UK reporting radiographers’ perceptions of AI in radiographic image interpretation – Current perspectives and future developments

Clare Rainey, Tracy O'Regan, Jacqueline Matthew, Emily Skelton, Nick Woznitza, Kwun-Ye Chu, Spencer Goodman, Jonathan McConnell, Ciara Hughes, RR Bond, Christina Malamateniou, Sonyia McFadden

Research output: Contribution to journalArticlepeer-review

8 Citations (Scopus)
142 Downloads (Pure)


Radiographer reporting is accepted practice in the UK. With a national shortage of radiographers and radiologists, artificial intelligence (AI) support in reporting may help minimise the backlog of unreported images. Modern AI is not well understood by human end-users. This may have ethical implications and impact human trust in these systems, due to over- and under-reliance.
This study investigates the perceptions of reporting radiographers about AI, gathers information to explain how they may interact with AI in future and identifies features perceived as necessary for appropriate trust in these systems.
A Qualtrics® survey was designed and piloted by a team of UK AI expert radiographers. This paper reports the third part of the survey, open to reporting radiographers only.
86 responses were received. Respondents were confident in how an AI reached its decision (n=53, 62%). Less than a third of respondents would be confident communicating the AI decision to stakeholders. Affirmation from AI would improve confidence (n=49, 57%) and disagreement would make respondents seek a second opinion (n=60, 70%). There is a moderate trust level in AI for image interpretation. System performance data and AI visual explanations would increase trust.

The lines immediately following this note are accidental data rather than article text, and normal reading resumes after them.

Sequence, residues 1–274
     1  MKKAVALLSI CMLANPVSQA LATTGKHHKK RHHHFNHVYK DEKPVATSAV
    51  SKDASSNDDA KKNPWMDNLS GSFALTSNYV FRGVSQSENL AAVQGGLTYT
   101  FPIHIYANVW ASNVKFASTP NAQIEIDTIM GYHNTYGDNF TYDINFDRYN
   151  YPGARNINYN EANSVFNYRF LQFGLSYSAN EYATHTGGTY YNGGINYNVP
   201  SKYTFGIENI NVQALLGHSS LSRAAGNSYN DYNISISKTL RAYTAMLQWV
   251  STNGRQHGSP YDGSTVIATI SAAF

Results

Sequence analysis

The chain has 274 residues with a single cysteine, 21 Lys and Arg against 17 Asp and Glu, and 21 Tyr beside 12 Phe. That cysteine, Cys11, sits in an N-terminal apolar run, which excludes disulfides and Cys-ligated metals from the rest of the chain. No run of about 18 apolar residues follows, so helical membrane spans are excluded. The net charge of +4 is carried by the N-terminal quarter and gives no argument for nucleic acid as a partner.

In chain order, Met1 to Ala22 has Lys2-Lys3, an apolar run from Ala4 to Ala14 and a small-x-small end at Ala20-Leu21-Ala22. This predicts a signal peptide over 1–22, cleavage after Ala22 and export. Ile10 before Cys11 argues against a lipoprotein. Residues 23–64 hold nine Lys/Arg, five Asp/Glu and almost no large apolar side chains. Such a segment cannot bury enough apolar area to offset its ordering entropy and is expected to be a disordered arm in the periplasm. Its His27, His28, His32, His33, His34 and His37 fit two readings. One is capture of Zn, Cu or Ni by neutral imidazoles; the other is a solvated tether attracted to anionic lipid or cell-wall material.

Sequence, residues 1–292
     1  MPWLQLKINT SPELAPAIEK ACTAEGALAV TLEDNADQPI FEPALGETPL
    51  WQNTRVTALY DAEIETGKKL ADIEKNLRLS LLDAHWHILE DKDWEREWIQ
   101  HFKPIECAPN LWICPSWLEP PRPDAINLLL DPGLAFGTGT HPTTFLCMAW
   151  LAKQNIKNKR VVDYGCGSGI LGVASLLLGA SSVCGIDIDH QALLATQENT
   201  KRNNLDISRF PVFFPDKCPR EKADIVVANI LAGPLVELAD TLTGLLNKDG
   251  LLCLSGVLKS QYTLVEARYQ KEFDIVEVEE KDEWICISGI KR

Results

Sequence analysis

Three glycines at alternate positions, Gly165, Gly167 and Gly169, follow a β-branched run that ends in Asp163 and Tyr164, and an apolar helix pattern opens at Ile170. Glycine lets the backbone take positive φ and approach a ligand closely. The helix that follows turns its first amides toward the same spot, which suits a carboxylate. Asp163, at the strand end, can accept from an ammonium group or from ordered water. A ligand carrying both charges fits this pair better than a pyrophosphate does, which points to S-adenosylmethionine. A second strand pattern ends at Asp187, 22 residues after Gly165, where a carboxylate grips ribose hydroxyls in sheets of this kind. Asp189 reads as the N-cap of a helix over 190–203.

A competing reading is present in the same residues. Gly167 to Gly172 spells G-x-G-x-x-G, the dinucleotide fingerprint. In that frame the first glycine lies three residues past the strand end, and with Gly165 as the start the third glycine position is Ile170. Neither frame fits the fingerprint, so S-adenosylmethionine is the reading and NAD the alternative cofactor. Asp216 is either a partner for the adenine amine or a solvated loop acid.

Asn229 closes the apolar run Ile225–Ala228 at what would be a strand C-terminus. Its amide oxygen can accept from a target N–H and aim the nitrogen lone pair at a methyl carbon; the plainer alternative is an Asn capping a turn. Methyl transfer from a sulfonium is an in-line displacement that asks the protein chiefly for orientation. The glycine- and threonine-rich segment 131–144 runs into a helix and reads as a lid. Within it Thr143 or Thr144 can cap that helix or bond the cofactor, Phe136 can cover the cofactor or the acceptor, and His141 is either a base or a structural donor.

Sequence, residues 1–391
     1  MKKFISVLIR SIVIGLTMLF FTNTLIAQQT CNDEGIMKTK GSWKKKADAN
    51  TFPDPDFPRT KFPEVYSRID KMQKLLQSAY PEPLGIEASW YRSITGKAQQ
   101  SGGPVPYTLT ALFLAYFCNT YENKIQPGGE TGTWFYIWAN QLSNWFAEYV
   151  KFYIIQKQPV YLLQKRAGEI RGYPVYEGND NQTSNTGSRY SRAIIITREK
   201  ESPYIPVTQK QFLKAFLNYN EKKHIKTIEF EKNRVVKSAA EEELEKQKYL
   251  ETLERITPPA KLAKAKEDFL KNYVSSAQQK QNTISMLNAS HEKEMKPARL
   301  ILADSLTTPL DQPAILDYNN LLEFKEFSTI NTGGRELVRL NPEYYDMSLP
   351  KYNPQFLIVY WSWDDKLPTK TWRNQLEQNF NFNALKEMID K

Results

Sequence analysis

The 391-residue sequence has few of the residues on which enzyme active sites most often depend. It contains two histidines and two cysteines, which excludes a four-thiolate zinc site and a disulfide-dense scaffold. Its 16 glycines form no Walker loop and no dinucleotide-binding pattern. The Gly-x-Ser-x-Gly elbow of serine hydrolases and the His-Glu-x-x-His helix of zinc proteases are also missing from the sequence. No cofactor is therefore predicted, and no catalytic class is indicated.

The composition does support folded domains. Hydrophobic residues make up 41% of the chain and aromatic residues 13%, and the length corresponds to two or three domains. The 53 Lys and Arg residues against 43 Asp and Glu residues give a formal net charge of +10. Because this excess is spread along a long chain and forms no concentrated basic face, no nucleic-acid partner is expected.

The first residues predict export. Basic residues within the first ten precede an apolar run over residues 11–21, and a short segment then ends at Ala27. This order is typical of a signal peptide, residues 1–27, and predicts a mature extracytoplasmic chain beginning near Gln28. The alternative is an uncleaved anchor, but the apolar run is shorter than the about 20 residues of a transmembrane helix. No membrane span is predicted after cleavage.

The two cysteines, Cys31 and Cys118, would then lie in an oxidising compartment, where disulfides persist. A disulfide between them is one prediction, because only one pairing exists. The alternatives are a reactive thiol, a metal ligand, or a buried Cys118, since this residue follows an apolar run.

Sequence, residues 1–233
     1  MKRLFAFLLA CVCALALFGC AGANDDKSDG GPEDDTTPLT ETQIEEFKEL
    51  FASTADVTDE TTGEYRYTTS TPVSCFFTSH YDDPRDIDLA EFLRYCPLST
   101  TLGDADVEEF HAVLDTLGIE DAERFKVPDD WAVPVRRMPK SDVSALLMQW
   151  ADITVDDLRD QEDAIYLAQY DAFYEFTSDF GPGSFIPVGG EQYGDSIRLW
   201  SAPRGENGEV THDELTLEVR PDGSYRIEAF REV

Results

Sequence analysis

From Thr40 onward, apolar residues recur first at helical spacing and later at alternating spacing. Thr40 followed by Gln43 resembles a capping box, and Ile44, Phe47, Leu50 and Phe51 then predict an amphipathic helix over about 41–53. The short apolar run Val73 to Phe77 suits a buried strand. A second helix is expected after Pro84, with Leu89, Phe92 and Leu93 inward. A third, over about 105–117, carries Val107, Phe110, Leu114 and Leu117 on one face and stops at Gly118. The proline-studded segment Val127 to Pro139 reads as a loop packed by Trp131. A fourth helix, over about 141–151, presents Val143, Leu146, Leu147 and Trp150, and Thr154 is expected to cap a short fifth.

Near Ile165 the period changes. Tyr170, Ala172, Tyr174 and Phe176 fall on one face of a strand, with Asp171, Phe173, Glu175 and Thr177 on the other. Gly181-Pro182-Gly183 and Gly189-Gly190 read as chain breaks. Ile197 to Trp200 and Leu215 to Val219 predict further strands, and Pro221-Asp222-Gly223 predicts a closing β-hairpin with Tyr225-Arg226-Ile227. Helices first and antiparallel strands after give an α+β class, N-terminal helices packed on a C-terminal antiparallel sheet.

Responses indicate that AI will have a strong impact on reporting radiographers’ decision making in the future. Respondents are confident in how an AI makes decisions but less confident explaining this to others. Trust levels could be improved with explainable AI solutions.
Implications for practice
This survey clarifies UK reporting radiographers’ perceptions of AI, used for image interpretation, highlighting key issues with AI integration.
Original languageEnglish
Pages (from-to)881-888
Number of pages8
Issue number4
Early online date1 Jul 2022
Publication statusPublished (in print/issue) - 1 Nov 2022

Bibliographical note

Funding Information:
The corresponding author (CR) is grateful to have recieved funding from the College of Radiographers Industry Partnership Scheme research award, CoRIPS 183.

Publisher Copyright:
© 2022 The Author(s)

Copyright © 2022 The Author(s). Published by Elsevier Ltd.. All rights reserved.


  • Artificial Intelligence
  • AI
  • Radiography
  • Education
  • Workforce Training
  • Digital Health
  • Clinical Imaging
  • Clinical imaging
  • Workforce training
  • Digital health
  • Artificial intelligence


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